Why this HR leader spends every January planning her vacations for the year

Kim Jones recently took advantage of PwC's $250 quarterly vacation bonus when she took a week off work to attend her daughter's college graduation.
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Last year, PwC made headlines for offering a $250 vacation bonus to employees who take 40 consecutive hours of vacation at a time, up to once per quarter, for a total $1,000 yearly incentive.

Kim Jones, PwC's talent strategy and people experience leader, helped create that policy and recently got to take advantage of it herself. In May, she took a week off to travel from Dallas to watch her daughter graduate from college in New York City. She'd been planning for the moment for 21 years, and for the week-long vacation since January.

"It honestly was one of the best weeks of my life," she tells CNBC Make It. "It was a milestone for my daughter, and a milestone for me, too. I just was able to be a mom that whole week and didn't have to think about things that were going on in the office. I could just fully appreciate and reflect in that moment. And it was so fun."

PwC employees get 15 to 22 vacation days per year depending on their tenure, plus two week-long firm shutdowns in the summer and in the winter. Here, Jones, 53, shares why she's meticulous about planning her time off so far in advance, plus her best strategies for planning a smooth PTO experience.

Why she plans her vacations at the beginning of the year: I like to start off every January thinking through events I know are going to happen during the year or vacations I want to take. I actually have a little spreadsheet where I will break up the 22 days of vacation that I get each year into quarters, so I try to take a reasonable amount of that throughout the year. I try to use all my vacation days each year.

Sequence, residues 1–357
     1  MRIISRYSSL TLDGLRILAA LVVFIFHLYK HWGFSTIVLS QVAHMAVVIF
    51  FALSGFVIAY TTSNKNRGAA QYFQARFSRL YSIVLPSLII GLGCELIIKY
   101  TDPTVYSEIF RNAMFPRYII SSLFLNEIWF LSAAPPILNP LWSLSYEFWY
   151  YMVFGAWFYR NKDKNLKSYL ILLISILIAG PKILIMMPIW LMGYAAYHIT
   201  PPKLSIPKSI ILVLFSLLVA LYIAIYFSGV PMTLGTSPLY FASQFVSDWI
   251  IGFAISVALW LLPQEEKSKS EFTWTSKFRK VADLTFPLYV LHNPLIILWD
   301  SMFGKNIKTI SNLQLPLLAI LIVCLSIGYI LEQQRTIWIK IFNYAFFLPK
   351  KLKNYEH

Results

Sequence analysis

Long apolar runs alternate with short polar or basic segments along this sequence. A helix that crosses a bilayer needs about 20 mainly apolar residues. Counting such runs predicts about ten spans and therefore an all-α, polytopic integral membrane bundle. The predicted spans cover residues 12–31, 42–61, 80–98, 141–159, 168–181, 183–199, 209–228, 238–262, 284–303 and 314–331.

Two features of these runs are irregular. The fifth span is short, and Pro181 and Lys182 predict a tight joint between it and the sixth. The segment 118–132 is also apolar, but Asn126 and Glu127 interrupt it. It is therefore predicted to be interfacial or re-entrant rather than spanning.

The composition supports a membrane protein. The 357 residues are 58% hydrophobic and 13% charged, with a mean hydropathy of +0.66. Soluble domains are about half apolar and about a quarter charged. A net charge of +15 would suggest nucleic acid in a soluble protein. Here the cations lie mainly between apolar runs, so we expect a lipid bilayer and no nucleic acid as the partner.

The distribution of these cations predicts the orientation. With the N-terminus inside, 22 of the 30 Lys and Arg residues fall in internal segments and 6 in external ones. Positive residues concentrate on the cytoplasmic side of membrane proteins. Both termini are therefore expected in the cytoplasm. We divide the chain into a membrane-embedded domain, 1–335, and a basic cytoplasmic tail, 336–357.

How to be intentional with your vacation time: We work in such a demanding environment that if you're not intentional about planning your PTO in detail, the next thing you know, it's been four or five or six months and you haven't taken a day off. There's always going to be stuff to do and we're always busy.

Having a vacation planned really helps with your mindset as you're going through those demanding times. Work is busy for me from February to April, so knowing I had my daughter's graduation in May made those extra stressful weeks easier to get through. I had a light at the end of the tunnel, if you will.

How to recognize your colleagues for holding down the fort: We talk a lot in the firm about respecting each other's protected time. When I came back from my daughter's graduation, I told my team I was so grateful for them for not interrupting me. Things came up during that week where they could have very easily reached out, but they did an amazing job of not doing that. They saw they could handle things without me being there. So the next time I or someone else is off, we learn from that experience. It motivates you to pay it forward, to double your efforts to not bother your coworkers when they're out of office.

PwC also provides us recognition budgets to reward individuals who promote our strategy, such as helping others keep their protected time. It may be something as small as $25 to get coffee for a week. Who doesn't like that? So find your way to recognize your team members for doing a great job and letting you take that time away.

What she'd tell her 25-year-old self about taking time off: Taking a vacation is about you, but also those around you so you can bring your best self to the team. It helps you stay energized, sharp and focused, and come back to work even stronger.

This interview has been edited for length and clarity.

Check out:

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